Most LEDs are designed in SMT (surface mount technology) or COB (chip-on-board) packages. In the new 1~8W range of surface mount power LED packages, the heat flux at the devices thermal interface can range from 5 to 20 W/cm2. These AllnGaP and InGaN semiconductors have physical properties and limits similar to other transistors or ASICs (application specific integrated circuit). While the heat of filament lights can be removed by infrared radiation, LEDs rely on conductive heat transfer for effective cooling.
As higher powers are dissipated from LED leads and central thermal slugs, boards have changed to move this heat appropriately. Standard FR-4 technology boards can still be used for LEDs with up to 0.5 W of dissipation, but metallic substrates are required for higher levels. A metal core printed circuit board (MCPCB), also known as an insulated metal substrate (IMS) board, is often used underneath 1W and larger devices. These boards typically have a 1.6 mm (1/16 inch) base layer of aluminum with a dielectric layer attached. Copper traces and solder masks are added subsequently. The aluminum base allows the heat to move efficiently away from the LED to the system.
Increasing power density, a higher demand for light output, and space constraints are leading to more advanced cooling solutions. High-efficiency heat sinks, optimized for convection and radiation within a specific application, will become more and more important.
As with any semiconductor package, thermal resistance plays a significant role in the thermal management of LEDs. The highest thermal resistance in the heat transfer path is the junction-to-board thermal resistance (Rj-b) of the package . Spreading resistance is also an important issue. Thermally enhanced spreader materials, such as metal core PCBs, cold plates, and vapor chambers for very high heat flux applications are viable systems to reduce spreading resistance.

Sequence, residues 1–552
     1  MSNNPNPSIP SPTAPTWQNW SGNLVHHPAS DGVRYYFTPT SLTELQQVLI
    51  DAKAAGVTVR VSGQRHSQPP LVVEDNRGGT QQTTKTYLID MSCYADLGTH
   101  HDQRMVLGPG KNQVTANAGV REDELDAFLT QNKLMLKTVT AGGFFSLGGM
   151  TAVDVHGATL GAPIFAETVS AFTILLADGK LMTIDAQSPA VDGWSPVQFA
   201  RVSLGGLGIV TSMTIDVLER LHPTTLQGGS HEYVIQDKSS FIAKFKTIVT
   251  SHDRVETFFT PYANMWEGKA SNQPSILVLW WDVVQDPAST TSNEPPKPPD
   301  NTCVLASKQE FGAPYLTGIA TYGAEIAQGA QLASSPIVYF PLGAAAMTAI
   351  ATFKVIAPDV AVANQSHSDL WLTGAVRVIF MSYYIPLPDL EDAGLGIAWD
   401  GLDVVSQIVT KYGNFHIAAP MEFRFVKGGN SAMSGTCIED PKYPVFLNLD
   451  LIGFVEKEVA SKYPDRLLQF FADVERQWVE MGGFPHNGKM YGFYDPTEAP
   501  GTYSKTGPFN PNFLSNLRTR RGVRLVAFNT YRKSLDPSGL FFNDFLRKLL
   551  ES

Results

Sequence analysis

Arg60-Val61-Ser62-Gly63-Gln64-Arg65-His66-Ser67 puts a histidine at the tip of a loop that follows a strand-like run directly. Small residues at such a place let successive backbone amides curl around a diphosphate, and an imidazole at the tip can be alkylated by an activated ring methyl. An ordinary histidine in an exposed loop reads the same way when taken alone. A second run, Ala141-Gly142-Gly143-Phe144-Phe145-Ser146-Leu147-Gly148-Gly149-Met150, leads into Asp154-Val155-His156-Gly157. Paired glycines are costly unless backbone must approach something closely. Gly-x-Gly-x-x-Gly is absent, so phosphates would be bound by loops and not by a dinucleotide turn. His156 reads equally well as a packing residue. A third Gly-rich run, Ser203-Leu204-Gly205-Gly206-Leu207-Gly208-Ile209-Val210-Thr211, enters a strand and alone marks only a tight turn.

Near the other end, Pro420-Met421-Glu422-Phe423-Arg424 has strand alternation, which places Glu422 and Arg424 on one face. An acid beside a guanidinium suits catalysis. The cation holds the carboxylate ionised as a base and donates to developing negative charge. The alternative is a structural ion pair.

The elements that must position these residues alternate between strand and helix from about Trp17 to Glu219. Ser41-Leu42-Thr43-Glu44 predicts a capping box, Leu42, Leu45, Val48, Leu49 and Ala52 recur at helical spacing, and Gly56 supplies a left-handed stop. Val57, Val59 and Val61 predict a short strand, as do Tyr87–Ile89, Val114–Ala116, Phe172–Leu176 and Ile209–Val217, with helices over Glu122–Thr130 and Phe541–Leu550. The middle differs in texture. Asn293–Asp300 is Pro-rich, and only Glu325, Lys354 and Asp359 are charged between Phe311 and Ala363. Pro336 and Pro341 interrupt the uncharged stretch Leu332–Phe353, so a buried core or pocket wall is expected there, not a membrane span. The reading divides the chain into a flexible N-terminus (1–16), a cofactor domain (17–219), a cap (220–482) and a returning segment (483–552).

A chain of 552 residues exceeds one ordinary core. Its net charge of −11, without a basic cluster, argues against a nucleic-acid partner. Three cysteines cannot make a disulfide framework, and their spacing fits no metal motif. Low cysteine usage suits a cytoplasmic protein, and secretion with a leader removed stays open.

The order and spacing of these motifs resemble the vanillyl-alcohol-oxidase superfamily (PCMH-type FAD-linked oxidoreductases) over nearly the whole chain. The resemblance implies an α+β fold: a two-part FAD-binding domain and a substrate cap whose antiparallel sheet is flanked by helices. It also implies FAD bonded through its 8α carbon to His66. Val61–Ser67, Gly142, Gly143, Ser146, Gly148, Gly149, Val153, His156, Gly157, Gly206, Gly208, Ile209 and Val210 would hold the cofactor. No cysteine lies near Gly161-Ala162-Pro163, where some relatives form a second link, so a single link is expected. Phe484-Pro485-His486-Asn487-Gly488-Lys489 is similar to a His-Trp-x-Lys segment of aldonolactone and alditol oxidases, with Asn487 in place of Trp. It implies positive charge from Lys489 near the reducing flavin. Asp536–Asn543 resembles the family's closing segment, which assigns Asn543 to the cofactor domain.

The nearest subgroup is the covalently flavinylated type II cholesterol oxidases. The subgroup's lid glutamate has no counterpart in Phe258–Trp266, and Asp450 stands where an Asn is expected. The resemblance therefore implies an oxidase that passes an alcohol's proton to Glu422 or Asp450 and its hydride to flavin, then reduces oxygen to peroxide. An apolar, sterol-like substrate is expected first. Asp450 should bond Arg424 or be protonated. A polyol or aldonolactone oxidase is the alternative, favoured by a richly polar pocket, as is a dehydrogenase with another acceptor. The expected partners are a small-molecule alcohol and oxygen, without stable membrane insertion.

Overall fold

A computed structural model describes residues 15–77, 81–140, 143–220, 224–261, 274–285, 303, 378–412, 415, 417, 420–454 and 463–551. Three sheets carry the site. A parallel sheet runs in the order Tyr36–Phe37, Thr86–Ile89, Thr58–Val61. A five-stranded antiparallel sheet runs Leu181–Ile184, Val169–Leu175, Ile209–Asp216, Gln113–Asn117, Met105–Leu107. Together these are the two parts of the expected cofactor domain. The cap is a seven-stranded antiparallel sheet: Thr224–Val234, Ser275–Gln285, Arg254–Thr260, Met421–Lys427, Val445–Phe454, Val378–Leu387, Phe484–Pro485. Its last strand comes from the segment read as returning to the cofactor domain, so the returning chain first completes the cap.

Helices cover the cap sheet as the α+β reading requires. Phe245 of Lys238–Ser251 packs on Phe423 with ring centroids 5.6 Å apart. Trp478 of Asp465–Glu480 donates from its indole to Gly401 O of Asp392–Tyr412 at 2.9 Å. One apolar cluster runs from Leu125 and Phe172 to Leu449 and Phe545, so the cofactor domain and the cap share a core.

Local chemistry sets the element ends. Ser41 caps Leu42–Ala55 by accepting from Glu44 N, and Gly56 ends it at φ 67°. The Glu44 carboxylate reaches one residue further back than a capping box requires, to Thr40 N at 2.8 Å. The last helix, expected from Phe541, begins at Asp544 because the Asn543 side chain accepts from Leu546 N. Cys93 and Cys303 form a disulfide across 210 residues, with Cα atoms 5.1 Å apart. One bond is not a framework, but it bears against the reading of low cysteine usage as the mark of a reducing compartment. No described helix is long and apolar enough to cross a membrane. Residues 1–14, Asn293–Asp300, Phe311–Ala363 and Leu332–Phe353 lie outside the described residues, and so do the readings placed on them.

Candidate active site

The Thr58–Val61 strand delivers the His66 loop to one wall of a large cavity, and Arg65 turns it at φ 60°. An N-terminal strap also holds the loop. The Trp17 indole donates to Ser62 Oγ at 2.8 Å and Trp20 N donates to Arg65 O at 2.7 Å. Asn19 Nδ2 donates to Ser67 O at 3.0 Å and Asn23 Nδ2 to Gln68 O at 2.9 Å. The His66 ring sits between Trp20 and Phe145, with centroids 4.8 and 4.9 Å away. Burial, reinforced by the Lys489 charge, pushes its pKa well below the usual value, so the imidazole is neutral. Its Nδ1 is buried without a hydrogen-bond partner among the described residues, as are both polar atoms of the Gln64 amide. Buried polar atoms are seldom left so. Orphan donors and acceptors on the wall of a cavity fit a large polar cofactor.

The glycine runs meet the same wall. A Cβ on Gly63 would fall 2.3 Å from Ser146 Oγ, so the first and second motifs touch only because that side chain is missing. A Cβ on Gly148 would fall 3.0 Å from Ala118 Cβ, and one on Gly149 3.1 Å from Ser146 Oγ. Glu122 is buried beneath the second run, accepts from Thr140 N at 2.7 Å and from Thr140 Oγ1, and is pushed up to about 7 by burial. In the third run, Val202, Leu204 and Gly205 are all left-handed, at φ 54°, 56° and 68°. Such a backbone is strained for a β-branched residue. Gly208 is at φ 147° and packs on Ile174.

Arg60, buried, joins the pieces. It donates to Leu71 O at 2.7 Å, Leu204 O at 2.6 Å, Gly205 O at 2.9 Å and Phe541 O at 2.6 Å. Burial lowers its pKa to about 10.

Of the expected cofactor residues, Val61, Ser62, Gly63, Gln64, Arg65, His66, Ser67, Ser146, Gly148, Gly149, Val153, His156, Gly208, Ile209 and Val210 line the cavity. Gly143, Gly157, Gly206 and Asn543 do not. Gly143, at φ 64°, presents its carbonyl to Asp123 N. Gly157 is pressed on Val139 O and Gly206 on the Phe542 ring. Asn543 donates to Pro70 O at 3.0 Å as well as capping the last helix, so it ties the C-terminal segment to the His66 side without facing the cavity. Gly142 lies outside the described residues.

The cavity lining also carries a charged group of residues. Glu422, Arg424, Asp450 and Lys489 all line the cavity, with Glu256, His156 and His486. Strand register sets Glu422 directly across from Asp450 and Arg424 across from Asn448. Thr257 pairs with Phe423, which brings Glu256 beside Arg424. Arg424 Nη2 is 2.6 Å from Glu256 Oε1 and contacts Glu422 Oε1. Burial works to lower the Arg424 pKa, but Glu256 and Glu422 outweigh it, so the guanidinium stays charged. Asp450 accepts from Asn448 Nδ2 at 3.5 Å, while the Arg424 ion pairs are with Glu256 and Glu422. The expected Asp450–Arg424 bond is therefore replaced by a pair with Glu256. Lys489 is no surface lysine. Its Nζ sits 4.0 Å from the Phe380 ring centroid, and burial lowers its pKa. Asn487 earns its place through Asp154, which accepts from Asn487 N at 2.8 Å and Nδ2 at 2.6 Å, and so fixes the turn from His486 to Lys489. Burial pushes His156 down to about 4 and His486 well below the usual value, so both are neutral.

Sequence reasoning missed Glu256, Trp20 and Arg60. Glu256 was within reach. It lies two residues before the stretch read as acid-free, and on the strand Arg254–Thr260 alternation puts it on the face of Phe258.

Linear heat sinks are available specifically for LED strips, such as OSRAM SYLVANIA’s DRAGONstick® linear LED strips, which are widely used in architectural lighting. For example,the maxiFLOW linear heat sink from Advanced Thermal Solutions, Inc., has a patented spread fin array that maximizes surface area for more effective convection (air) cooling, particularly when air flow is limited, such as inside display cases.
Round heat sinks are available specifically for round LED boards, which are used to replace halogen light bulbs, in applications such as spotlights and down lighting. A typical LED spotlight is shown in Figure 2 . Here, a round QooLED© heat sink from Advanced Thermal Solutions is used for cooling three LEDs. The round heat sink has a special star-shaped profile fin design that maximizes surface area for more effective convection (air) and radiation cooling in the vertical mounting orientation, e.g., inside ceilings.
Active thermal management systems can be used for high-flux power LED applications. These include water cooling, two-phase cooling, and fans. Although active cooling methods may not be energy-justifiable for LEDs, reasons for using them include ensuring lumen output or maintenance-free operation, or to meet specific wavelength requirements.